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  • Economic Overview of Southeast Asia
  • Manu Bhaskaran (bio)

This chapter provides an overarching view of macroeconomic trends in Southeast Asia in 2019.

The current state of the regional economies is first assessed. In general, the regional economies had to face a troubled global environment but demonstrated an encouraging degree of resilience in doing so.

The cyclical prospects are then considered. Two key factors will drive the outlook for next year. The first is how the global economy pans out—especially whether an improvement in the trade picture allows a recovery in business confidence and capital spending. A second factor is the impact of supportive monetary and fiscal policies.

Finally, a review of developments this year that shaped key drivers of the secular regional outlook is conducted. Four key drivers are identified and are likely to be supportive of an improved growth outlook in the medium term—infrastructure spending, synergies from economic integration initiatives, production relocation out of China and an improved business ecosystem.

Section 1: Recent Trends in the Regional Economies

Two contrasting themes characterized economic developments in Southeast Asia in 2019—growing challenges and a surprising degree of resilience. The regional economies had to contend with a turbulent global environment in 2019. Global demand for Asian exports was subdued, depressing economic growth and commodity prices in a region that remains heavily trade-dependent. Nevertheless, the region [End Page 19] demonstrated a degree of resilience: economic growth continued, albeit modestly, while external stability was maintained. This relatively benign outcome was partly the payoff to the improved capacity for policy response in the region—and it builds a good base for future economic performance.

A confluence of disturbances hurt the global economy in 2019. Global economic activity began to weaken from around the middle of 2018 onwards and the decline persisted through 2019. As a result, global economic growth eased, from 3.8 per cent in 2017 to 3.6 per cent in 2018 and then to an estimated 3.0 per cent in 2019 according to the International Monetary Fund (Figure 1).1 In parallel, the world economy saw a pronounced slowing in export demand (Figure 2). Not surprisingly, the World Trade Organization (WTO) became more cautious about world trade prospects. It revised down its expected growth of global trade flows in 2019 to 1.2 per cent from the earlier forecast of 2.6 per cent. It further concluded that the risks were to the downside given the headwinds created by more trade restrictions as well as the likelihood of slower growth in the developed economies.2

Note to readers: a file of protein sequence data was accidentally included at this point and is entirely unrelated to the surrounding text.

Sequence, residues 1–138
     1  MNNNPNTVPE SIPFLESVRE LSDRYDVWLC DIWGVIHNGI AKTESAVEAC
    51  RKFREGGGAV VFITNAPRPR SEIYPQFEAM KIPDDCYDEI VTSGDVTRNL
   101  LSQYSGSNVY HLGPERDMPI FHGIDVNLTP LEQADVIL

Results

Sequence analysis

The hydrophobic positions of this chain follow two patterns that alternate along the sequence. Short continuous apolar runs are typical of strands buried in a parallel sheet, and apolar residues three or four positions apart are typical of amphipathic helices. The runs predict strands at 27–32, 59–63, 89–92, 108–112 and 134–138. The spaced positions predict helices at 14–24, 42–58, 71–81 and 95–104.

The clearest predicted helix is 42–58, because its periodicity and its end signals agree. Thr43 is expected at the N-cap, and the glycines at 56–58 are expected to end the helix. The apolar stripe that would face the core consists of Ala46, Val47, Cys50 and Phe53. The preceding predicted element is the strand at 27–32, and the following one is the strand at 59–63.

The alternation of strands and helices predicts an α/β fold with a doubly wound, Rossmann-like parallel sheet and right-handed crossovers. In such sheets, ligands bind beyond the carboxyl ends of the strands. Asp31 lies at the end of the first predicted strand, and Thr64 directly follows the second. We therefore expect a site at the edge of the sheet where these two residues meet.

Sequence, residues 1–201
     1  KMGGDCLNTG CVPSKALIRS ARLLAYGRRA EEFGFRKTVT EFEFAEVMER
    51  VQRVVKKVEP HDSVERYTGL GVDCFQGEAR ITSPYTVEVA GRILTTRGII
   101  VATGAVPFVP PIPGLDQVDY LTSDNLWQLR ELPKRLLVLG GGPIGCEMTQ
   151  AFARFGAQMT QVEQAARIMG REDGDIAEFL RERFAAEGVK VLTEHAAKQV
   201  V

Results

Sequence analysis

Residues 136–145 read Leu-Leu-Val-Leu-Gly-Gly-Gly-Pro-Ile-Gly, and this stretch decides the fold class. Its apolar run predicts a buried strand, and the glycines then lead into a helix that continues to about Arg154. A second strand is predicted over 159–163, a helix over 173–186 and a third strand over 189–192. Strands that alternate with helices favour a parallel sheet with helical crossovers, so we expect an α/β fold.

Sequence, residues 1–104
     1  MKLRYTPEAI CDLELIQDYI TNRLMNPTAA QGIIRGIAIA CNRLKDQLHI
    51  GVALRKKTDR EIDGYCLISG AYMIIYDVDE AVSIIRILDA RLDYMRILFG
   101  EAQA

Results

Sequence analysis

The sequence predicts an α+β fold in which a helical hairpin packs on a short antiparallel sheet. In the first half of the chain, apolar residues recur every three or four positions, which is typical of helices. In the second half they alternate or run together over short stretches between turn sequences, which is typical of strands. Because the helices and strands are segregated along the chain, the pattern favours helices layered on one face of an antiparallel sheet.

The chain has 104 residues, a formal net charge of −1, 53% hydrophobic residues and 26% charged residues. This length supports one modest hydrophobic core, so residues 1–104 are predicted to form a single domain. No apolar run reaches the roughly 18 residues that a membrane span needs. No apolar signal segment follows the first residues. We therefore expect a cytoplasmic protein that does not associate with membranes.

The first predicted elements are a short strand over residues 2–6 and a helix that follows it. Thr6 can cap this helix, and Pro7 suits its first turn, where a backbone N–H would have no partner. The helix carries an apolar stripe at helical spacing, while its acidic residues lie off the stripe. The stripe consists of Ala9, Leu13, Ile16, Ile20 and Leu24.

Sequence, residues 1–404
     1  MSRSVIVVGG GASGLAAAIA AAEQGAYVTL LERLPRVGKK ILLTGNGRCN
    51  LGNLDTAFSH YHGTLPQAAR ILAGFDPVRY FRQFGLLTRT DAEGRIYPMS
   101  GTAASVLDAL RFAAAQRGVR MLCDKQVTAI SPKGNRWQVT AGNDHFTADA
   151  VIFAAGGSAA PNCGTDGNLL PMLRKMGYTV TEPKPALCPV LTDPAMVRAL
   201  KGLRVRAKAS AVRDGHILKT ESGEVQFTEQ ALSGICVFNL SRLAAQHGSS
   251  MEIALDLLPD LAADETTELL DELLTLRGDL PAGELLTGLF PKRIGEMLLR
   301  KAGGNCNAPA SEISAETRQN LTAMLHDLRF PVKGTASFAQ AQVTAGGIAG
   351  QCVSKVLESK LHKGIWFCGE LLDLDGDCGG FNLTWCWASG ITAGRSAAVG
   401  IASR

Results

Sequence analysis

The Trade War, among Other Factors, Depressed Global Business Confidence

The most prominent disturbance was the trade friction between the United States and China, which grew in intensity as the year progressed. The tariffs imposed by each side on the other aroused concerns that the delicate supply chains throughout the region that exposed China's neighbouring economies to stresses in its economy could be damaged. Moreover, the United States also imposed restrictions on China's access to American technology, causing some anxiety over how disruptive a potential bifurcation of the technology world into separate American and Chinese spheres could be for regional countries caught between two contending superpowers.

Compounding the aggressive trade actions by the United States was the uncertainty over how and when this trade friction might be resolved. There were also concerns whether such a resolution would simply result in an increasingly aggressive American trade policy switching the focus of its trade to other Asian economies, many of which run large trade surpluses with the United States, and which the current American administration finds unacceptable. This concern was reinforced by the Trump administration's identification, during the course of the year, of certain Southeast Asian economies as potential "currency manipulators".

It was not only trade friction that depressed global business confidence. Many other factors also played a role. In the Middle East, a proliferation of political [End Page 20]

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Figure 1.

Slowing global growth…

Source: IMF, CPB World Trade Monitor, Centennial Asia Advisors.

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Figure 2.

…led to weaker global trade

[End Page 21] hot spots raised...


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pp. 19-41
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